Twenty-five-year-old Kamlesh Kumari, a resident of Sirmathura village in Dholpur district of Rajasthan, is deeply engrossed with a tab, searching for child healthcare tips while her four-month-old daughter sleeps on her lap. Educated till Class 8, Kamlesh craves for knowledge. With mobile phone internet in the village, she has now found a new ray of hope for gaining that knowledge.
Confident Kamlesh not just surfs the internet but also teaches other women in the village how to leverage the web.Google India’s digital educative initiative, Internet Saathi, under Helping Women Get Online campaign has been transforming lives of many women like Kamlesh in the villages of Dholpur. The internet, which seemed a distant dream to village women, is now just a touch away.
“The usage of the internet among women in India is lower than most countries in the world. Only one-third of India’s online users are women. This gender disparity of internet user base was the big concern that we wanted to address,” said Sapna Chadha, marketing head of Google India.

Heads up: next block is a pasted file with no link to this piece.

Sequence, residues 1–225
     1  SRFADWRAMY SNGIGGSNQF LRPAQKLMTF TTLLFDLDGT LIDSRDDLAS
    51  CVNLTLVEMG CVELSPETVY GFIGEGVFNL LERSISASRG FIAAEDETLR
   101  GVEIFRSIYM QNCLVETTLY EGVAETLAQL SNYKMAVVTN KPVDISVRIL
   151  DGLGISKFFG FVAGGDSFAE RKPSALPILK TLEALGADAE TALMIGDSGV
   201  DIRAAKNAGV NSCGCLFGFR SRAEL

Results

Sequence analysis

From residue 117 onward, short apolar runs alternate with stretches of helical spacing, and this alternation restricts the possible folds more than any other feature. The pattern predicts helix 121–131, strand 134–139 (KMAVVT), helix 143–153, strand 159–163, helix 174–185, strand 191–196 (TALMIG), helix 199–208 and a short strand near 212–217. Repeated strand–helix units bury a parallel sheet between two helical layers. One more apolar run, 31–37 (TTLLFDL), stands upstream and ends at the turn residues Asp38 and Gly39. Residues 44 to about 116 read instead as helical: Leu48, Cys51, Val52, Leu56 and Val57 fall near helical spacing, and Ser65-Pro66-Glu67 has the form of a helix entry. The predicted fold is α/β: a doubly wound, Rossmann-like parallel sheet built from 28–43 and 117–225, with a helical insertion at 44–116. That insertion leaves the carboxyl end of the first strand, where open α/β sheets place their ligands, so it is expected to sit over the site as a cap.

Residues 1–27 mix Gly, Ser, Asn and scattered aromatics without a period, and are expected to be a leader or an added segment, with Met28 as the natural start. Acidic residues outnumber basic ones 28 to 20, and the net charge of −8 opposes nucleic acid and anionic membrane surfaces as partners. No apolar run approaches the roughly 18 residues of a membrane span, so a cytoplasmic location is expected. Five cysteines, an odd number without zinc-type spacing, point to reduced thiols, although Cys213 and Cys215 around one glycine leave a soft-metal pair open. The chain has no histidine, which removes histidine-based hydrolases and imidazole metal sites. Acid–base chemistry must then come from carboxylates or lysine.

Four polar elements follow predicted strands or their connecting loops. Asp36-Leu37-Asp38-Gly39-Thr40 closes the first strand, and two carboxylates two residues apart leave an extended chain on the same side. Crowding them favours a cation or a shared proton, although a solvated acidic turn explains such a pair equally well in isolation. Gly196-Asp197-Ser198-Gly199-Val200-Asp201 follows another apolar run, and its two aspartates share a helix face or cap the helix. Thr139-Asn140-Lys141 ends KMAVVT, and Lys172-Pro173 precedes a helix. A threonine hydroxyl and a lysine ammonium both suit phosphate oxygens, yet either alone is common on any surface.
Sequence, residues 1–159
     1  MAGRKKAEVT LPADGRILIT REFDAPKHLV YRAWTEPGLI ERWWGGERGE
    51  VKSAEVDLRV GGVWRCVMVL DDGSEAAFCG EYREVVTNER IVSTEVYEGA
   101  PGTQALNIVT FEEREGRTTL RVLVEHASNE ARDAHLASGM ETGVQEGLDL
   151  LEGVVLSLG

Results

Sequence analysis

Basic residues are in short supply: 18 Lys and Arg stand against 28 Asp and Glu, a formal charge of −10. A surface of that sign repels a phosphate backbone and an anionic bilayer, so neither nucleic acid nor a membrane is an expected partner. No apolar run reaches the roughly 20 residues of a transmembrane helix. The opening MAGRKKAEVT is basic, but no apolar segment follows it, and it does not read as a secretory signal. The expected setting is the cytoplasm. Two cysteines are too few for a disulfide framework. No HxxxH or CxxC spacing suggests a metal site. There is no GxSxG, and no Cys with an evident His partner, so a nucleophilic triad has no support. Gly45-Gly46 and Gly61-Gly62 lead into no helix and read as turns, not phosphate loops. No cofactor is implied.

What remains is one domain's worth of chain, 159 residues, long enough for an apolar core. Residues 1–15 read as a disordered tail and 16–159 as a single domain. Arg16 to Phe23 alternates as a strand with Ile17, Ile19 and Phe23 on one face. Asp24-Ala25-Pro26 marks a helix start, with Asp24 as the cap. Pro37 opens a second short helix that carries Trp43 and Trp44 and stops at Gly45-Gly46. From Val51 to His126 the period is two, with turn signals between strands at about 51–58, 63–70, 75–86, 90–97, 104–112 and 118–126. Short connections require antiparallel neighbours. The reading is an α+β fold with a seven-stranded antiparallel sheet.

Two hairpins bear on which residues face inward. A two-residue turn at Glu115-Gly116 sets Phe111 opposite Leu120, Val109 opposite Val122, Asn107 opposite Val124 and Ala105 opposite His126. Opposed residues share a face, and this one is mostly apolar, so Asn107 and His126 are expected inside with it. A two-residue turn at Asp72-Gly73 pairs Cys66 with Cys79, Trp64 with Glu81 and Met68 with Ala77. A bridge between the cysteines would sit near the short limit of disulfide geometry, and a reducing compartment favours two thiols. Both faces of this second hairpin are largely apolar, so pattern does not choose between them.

“We launched an initiative called Helping Women Get Online that was aimed at encouraging women to use the Internet in their daily life,” Chadha told.
Internet Saathi, which was started in 2015, has now reached around 4,000 villages with 1,900 trained ‘saathis’. Google is adding up to 500 additional ‘saathis’ per week. More than 100,000 women have been trained so far. Under this initiative, Google conducts various outreach and educational programs.
Not just Kamlesh, the initiative has brought changes in the lives of many other women, like Gayatri Devi who has been a ‘saathi’ since November 2015.
“We provide the devices and the training material to the ‘saathis’ and train them. The final roll out of the program which comprises members of self- help groups and women’s federations is overseen and facilitated by Tata Trusts through its field partners on ground,” said Chadha.
With local women trainers, the Internet Saathi has been successful as it ensures continuity in the process of learning and imparting hands-on training to women and children in villages, making it a highly scalable and sustainable program.